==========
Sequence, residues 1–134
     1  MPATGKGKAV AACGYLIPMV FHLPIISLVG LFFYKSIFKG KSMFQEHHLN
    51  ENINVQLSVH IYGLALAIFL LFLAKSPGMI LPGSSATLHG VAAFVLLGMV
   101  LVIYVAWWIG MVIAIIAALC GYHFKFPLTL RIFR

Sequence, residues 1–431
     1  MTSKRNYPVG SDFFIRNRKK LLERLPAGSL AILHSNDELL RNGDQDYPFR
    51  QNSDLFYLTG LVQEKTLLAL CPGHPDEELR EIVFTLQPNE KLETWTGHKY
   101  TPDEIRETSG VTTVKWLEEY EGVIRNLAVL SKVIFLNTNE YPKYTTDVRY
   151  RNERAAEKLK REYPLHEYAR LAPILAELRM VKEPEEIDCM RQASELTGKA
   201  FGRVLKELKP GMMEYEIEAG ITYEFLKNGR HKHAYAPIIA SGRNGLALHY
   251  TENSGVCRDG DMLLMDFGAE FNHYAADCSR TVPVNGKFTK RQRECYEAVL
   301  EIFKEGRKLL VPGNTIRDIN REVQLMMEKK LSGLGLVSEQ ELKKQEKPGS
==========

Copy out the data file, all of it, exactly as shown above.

Sequence, residues 1–134
     1  MPATGKGKAV AACGYLIPMV FHLPIISLVG LFFYKSIFKG KSMFQEHHLN
    51  ENINVQLSVH IYGLALAIFL LFLAKSPGMI LPGSSATLHG VAAFVLLGMV
   101  LVIYVAWWIG MVIAIIAALC GYHFKFPLTL RIFR

Sequence, residues 1–431
     1  MTSKRNYPVG SDFFIRNRKK LLERLPAGSL AILHSNDELL RNGDQDYPFR
    51  QNSDLFYLTG LVQEKTLLAL CPGHPDEELR EIVFTLQPNE KLETWTGHKY
   101  TPDEIRETSG VTTVKWLEEY EGVIRNLAVL SKVIFLNTNE YPKYTTDVRY
   151  RNERAAEKLK REYPLHEYAR LAPILAELRM VKEPEEIDCM RQASELTGKA
   201  FGRVLKELKP GMMEYEIEAG ITYEFLKNGR HKHAYAPIIA SGRNGLALHY
   251  TENSGVCRDG DMLLMDFGAE FNHYAADCSR TVPVNGKFTK RQRECYEAVL
   301  EIFKEGRKLL VPGNTIRDIN REVQLMMEKK LSGLGLVSEQ ELKKQEKPGS